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Social engineering attacks use the art of manipulating people so they give up confidential information. It is usually the second portion of a spear phishing attack, and often times a success for the attacker.  It can also be a direct attack by someone who has figured out the best path into tricking a victim into trusting them, The types of information these criminals are seeking can vary, but they are ultimately searching for a way to access your personal information, like log in’s and passwords, so they can then gain access to things like your bank account or credit cards, and take them over.

Criminals use social engineering tactics because it is usually easier to exploit your natural inclination to trust than it is to discover ways to hack your software.  For example, it is much easier to fool someone into giving you their password than it is for you to try hacking their password. This happens all the time.

If you find yourself in a situation where a Facebook friend’s old account is suddenly active again, this could be an instance of a Social Engineering attack. Emails are commonly used as well. Stay wary of anything that seems out of the blue, and never give out your passwords.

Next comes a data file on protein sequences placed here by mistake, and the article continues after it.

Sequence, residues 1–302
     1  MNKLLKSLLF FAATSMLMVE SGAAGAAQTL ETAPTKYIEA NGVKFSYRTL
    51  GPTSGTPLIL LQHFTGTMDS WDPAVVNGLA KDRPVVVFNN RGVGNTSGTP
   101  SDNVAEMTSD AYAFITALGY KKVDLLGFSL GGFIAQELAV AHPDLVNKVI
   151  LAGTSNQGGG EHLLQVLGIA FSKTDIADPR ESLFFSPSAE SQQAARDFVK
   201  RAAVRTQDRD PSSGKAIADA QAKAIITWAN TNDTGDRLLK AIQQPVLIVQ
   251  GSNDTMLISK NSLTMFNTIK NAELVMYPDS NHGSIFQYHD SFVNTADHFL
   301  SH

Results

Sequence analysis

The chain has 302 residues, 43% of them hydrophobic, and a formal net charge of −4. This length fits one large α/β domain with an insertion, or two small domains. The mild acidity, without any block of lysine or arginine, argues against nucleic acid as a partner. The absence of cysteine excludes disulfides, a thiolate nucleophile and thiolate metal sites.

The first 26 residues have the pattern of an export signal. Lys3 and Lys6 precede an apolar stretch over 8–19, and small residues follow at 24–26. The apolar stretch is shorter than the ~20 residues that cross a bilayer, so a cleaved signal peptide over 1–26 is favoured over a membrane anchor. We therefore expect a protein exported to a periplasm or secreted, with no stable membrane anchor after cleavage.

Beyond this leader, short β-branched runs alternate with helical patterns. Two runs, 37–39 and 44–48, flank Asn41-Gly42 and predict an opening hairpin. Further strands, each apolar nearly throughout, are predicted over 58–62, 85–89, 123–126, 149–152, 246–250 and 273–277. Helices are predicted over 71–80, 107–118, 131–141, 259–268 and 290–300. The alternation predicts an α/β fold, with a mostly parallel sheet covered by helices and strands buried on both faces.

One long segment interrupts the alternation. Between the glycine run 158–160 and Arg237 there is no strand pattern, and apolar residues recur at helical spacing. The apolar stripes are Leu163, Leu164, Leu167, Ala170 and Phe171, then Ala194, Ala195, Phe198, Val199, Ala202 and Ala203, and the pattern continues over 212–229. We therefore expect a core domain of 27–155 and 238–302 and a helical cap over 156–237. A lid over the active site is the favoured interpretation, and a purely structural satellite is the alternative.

Security is all about knowing who and what to trust. Knowing when, and when not to, to take a person at their word; when to trust that the person you are communicating with is indeed the person you think you are communicating with; when to trust that a website is or isn’t legitimate; when to trust that the person on the phone is or isn’t legitimate; when providing your information is or isn’t a good idea.

If you think you’ve been a victim of a Social Engineered attack, you have multiple places that you can go for help. Banks are often able to recover stolen accounts, and there are professional security companies, Like Businets, that can help you as well.